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Restoring veterinary services in Iraq
To protect livestock and humans from epidemic diseases - $10 million FAO project
31 May 2005, Rome - Veterinary services in Iraq have been severely damaged after years of neglect and post conflict upheavals, FAO said today.

The UN agency is currently working to restore urgently needed veterinary services in the country to protect farm animals and humans from epidemic diseases.

Iraq has a herd of approximately 2.5 million cattle and 17 million sheep and goats. Livestock production is extensive and herds migrate throughout Iraq and neighbouring countries.

Meat, milk and eggs are the most important source of protein for the population. Any increase in livestock diseases would have a negative effect on the supply of protein-rich food such as milk, cheese, yoghurt, meat and eggs and would have a severe impact on food security.

But with appropriate animal disease control and surveillance, Iraq could produce much of its animal products and thus reduce the current high level of imports of meat, animal fats, eggs and dairy products.

Damage

Veterinary services, including hospitals and district clinics, diagnostic facilities and cold storage and distribution systems have deteriorated over the past years.

The country is facing a serious deficit in disease surveillance and emergency preparedness, both crucial elements in fighting endemic and exotic animal diseases, FAO said.

Transboundary animal diseases such as Foot-and-Mouth Disease (FMD), screwworm and peste des petits ruminants (PPR) are especially threatening in Iraq and in the region.

Many other preventable diseases are of concern, including hemorrhagic septicaemia, sheep and goat pox and many production limiting diseases, such as mastitis. Brucellosis, Congo-Crimean haemorrhagic fever and anthrax are also threats to humans and should be controlled by a modern veterinary service.

"Iraqi veterinarians consider Brucellosis as the most threatening disease transmitted from animals to humans," said David Ward, FAO Senior Animal Health expert. "Brucellosis is a bacterial disease passed to humans from milk, causing recurring fever, joint pain and severe headaches. It is estimated that over 1.5 million sheep are infected with the disease in the country."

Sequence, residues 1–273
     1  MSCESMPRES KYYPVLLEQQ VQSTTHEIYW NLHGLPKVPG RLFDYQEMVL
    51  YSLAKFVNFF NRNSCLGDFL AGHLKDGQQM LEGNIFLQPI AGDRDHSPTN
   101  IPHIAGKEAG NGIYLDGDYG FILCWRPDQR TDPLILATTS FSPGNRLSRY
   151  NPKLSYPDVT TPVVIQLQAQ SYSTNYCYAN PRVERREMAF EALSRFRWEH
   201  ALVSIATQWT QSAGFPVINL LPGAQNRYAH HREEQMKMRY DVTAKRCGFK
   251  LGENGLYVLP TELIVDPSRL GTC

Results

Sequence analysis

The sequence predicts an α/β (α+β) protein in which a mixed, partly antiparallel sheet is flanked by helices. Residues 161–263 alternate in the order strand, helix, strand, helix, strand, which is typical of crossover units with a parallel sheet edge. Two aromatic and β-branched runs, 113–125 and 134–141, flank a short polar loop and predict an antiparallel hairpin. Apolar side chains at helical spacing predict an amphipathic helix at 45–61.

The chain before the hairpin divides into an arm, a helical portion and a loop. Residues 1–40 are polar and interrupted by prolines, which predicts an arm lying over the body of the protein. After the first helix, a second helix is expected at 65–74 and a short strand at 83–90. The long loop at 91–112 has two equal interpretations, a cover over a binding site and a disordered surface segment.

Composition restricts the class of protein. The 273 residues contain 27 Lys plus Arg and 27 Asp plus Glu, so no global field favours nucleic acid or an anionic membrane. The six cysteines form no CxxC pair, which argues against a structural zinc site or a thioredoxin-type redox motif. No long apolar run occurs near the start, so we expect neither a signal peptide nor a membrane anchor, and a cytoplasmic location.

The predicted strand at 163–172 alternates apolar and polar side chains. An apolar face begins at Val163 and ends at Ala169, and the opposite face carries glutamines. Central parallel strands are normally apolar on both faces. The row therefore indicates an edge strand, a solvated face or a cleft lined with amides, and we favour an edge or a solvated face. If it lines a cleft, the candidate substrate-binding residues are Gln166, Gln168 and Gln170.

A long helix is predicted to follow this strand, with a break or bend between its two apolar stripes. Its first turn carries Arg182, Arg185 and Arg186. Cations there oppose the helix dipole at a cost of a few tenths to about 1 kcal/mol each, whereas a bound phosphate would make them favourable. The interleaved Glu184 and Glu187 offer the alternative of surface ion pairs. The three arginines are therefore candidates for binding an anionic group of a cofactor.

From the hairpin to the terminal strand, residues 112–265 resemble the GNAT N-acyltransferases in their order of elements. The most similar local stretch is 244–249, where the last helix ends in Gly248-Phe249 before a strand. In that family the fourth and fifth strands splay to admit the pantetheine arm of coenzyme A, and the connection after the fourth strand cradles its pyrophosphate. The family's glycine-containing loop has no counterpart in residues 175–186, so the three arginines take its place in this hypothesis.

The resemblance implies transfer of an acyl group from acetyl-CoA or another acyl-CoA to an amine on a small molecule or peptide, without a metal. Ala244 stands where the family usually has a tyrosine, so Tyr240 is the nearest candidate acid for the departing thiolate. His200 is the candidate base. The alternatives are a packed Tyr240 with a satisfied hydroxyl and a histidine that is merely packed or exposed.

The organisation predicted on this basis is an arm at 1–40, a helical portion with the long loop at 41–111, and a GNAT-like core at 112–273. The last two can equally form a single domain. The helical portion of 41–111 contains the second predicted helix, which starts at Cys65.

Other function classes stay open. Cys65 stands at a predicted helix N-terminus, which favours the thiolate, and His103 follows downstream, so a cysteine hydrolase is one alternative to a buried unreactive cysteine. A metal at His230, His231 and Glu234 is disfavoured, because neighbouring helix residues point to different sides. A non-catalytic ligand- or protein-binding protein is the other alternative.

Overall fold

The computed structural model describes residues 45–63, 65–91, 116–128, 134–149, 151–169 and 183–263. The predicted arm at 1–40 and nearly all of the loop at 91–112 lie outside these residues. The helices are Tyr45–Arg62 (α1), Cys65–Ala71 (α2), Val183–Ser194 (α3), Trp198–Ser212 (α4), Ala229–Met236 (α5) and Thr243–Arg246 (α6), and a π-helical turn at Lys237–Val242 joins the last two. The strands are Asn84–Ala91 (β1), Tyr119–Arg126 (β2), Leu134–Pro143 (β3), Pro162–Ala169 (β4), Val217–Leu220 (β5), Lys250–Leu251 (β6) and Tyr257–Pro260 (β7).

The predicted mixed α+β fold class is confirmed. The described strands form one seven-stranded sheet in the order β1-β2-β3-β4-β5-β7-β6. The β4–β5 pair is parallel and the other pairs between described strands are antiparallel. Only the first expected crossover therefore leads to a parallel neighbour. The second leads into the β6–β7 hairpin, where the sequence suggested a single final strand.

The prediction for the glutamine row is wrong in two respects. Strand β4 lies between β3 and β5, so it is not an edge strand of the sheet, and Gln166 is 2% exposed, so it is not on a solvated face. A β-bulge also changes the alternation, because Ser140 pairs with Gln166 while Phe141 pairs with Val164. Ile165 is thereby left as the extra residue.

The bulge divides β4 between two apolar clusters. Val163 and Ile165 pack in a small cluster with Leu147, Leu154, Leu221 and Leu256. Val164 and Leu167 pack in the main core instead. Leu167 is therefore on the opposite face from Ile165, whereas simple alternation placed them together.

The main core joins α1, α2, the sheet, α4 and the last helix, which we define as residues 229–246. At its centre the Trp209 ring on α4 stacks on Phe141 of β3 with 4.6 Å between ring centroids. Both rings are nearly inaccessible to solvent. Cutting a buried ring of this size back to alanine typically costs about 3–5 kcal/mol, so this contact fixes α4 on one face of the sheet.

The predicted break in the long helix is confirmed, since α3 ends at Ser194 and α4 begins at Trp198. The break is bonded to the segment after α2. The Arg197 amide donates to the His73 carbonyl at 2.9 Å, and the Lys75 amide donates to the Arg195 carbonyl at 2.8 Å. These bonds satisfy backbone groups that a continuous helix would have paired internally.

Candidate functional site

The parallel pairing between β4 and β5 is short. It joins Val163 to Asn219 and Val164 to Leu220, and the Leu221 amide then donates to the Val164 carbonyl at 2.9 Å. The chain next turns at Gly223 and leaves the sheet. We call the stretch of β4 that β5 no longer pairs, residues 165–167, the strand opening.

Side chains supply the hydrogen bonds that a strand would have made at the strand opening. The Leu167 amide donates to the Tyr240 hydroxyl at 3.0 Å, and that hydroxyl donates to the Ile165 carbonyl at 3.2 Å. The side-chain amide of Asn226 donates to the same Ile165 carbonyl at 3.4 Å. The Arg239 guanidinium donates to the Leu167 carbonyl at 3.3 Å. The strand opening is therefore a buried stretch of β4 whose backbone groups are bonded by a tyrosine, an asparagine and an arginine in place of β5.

$10 million project

Under a $10 million project, FAO is closely working with veterinary staff to upgrade the animal health infrastructure and to protect farm animals from epidemic and endemic diseases and reduce public health risks.

Key elements of the project are:

  • training of veterinary staff to improve its technical and management skills in disease control and surveillance;
  • improving the performance of veterinary field services in the country through procurement of clinical supplies and equipment;
  • restoring diagnostic and quality control laboratories;
  • building and equipping nine veterinary centres and seven cold storage facilities;
  • assisting senior veterinary staff in devising disease control and public health strategies.

The project will benefit more than 4.5 million people. Up to 500 veterinary service and laboratory staff in 15 provincial veterinary hospitals, 220 district clinics and 45 veterinary centres will receive professional training.

The project will also create opportunities for the private veterinary sector. Essential government services will continue, but the role of the private sector is expected to increase.

The FAO project is funded by the UN Development Group Iraq Trust Fund.


Contact:
Erwin Northoff
News Coordinator
erwin.northoff@fao.org
(+39) 06 5705 3105

Contact:

Erwin Northoff
News Coordinator
erwin.northoff@fao.org
(+39) 06 5705 3105

FAO

Iraq could produce much of its animal products and thus reduce the current high level of imports of meat, animal fats, eggs and dairy products.

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Restoring veterinary services in Iraq
To protect livestock and humans from epidemic diseases - $10 million FAO project
31 May 2005 - FAO is working to restore veterinary services in Iraq, which have been severely damaged after years of neglect and conflict, to protect farm animals and humans from epidemic diseases.
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